Question: Which of the following issues do you care about?
c) HUMAN RIGHTS ABUSES
d) INSUFFICIENT HEALTH CARE
Answer: e) Any of the above and EDUCATION
Reasoning: If you care about any of those things, you deeplycare about education. (See below)
Before 2005, I never cared to be a teacher. It’s not that I didn’t want to be a teacher-- I liked children and I had spent some time tutoring in my day and thought teaching was fun-- I didn’t care to be one. Being a teacher seemed... lame. And unambitious. And unimportant.
I remember someone particularly intelligent told me he was majoring in education. My incredulous response was, “Why???” Sure, educating the next generation is important, but, well, not that important.
And you know what my mother told me when I told her I was joining Teach For America? She told me that if I wanted to enact change in society, being a journalist is important. Being a human rights lawyer is important. Being a doctor is important. Being a teacher is important, but not as important. It’s not glamorous, it’s not well-paying and it’s not important enough to enact real change.
Before eduholics begin verbally beating me and my mother down for heresy, I have obviously changed heart about education and cannot imagine devoting the bulk of my sweat, time, and tears to any other mission. But my former-ambivalence and vagueness about education is how many, if not most, of my peers-- even my kind-hearted, well-educated and socially conscious friends-- feel. What changed my mind and compelled me to drop an (important) career in journalism was being taught that education is about justice. Education, particularly the ghastly achievement gap between the rich and the poor, is a matter of social justice. And people in education are the social activists in this movement. Education. Is. Important.
Given that this is a teacher news site and this is an education blog and you have bothered reading to the sixth paragraph, I am clearly preaching to the choir about the importance of education. What we really need to do is compel those around us about the importance of education so the social value of teaching is on par with poverty, health care and discrimination. Because ultimately, all those issues take root in education. And ultimately, in order to close the achievement gap and achieve justice, we’re going to need to convince many more folks that education is important enough for them to devote their careers and free time to teaching, policy-making, financially-supporting (and the other countless ways to contribute).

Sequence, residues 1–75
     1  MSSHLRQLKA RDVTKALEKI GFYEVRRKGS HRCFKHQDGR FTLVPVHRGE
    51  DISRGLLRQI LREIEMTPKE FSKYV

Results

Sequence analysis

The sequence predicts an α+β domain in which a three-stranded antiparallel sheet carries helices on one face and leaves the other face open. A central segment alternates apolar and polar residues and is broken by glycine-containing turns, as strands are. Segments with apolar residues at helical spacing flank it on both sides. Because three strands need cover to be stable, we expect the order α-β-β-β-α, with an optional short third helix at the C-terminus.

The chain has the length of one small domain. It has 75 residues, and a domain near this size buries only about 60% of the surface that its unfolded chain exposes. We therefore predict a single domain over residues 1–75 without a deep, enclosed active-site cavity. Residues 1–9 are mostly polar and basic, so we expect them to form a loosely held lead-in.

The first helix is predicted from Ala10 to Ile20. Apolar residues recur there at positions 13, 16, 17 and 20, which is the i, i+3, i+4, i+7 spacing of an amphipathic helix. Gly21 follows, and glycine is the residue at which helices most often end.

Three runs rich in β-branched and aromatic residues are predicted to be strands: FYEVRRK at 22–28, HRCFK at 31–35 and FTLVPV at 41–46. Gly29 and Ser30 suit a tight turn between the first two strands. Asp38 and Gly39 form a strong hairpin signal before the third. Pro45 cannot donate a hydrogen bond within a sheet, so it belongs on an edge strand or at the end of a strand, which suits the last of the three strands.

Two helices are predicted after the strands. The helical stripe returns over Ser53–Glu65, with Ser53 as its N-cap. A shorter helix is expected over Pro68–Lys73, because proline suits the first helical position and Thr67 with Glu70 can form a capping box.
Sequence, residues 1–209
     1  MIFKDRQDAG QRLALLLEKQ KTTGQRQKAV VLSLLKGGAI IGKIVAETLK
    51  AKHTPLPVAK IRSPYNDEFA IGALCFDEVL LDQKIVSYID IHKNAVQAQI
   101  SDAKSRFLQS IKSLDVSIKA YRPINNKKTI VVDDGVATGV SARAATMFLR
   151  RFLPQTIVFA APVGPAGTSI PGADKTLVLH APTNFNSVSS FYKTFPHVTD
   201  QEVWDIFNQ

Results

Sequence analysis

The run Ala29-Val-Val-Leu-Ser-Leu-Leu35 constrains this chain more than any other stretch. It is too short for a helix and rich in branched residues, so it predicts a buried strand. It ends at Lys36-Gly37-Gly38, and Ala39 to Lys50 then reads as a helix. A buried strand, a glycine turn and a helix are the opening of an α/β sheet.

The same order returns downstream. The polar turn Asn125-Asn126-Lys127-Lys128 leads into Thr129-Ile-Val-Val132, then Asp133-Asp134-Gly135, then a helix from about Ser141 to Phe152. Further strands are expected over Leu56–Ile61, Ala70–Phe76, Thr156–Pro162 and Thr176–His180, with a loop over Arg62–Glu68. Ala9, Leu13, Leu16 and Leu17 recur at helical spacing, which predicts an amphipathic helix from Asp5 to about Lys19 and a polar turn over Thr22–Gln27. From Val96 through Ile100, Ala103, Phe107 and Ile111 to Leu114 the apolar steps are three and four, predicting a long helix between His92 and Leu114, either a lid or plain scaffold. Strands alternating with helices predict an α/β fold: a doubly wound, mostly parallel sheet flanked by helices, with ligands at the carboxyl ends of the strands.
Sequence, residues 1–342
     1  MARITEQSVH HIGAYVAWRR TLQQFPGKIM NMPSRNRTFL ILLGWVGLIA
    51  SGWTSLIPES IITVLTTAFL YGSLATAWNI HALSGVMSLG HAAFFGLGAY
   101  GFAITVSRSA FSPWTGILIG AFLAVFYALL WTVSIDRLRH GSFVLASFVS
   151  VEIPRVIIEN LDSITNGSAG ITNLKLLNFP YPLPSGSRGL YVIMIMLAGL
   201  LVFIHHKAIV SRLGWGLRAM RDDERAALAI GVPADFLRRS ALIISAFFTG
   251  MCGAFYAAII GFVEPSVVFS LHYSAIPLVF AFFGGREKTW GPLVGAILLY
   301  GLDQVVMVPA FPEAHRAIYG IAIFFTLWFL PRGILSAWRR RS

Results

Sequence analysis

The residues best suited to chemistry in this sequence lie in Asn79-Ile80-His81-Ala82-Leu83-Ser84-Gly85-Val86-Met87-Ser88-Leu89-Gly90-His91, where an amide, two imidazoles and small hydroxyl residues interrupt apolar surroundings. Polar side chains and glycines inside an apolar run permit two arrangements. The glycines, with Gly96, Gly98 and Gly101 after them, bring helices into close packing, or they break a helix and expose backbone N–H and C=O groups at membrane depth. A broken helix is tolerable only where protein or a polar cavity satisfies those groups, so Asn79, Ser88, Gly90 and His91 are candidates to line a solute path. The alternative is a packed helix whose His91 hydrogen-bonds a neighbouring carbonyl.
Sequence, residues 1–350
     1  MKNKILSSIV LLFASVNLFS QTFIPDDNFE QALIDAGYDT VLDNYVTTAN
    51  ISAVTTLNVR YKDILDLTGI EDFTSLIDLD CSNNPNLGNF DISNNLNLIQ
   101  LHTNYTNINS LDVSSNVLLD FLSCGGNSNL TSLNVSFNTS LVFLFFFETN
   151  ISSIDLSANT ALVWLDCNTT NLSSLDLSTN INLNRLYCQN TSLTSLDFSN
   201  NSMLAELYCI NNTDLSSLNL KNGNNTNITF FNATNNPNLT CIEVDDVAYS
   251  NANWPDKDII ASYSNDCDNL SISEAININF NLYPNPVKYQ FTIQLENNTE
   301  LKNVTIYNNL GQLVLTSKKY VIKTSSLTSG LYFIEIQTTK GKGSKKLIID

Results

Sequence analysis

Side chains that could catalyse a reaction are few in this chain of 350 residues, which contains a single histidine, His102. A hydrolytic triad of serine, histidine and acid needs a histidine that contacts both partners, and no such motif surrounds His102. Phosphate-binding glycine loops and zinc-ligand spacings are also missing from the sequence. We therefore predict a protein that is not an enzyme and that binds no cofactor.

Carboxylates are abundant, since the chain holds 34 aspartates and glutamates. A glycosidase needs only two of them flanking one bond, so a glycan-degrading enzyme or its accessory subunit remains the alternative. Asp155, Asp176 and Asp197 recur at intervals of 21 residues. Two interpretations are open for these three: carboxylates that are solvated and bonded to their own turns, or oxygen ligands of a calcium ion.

Facts about our achievement gap:
- By the end of fourth grade, African American, Latino, and poor students of all races are two years behind behind their wealthier, predominantly white peers in reading and math. By eighth grade, they have slipped three years behind, and by twelfth grade, four years behind.
- One in three African American males will be incarcerated in state or federal prison at some point during their lives, and the rate is significantly higher for black men who do not finish high school. For Hispanic males, the rate is one in six; for white males, one in 17
- Only one in 50 Hispanic and black 17-year-olds can read and gain information from specialized text – such as the science section of a newspaper – compared to about one in 12 white students.
- Lead exposure: Low-income children have dangerously high blood levels at five times the rate of middle-class children. Lead dust exposure harms cognitive functioning. High lead levels also contribute to hearing loss.
- Vision: A poor child’s difficulty in learning to read is often caused by vision problems. Poor children have severe vision impairment at twice the normal rate. One cause is watching excessive television, which can retard development of hand-eye coordination and depth perception. Forty-two percent of black fourth graders watch six or more hours of television a day, compared to 13 percent of whites.
- Fifty percent or more of minority and low-income children have vision problems that interfere with their academic work.
For even more resources on closing the achievement gap, check out The NEA Foundation
The opinions expressed in New Terrain are strictly those of the author(s) and do not reflect the opinions or endorsement of Editorial Projects in Education, or any of its publications.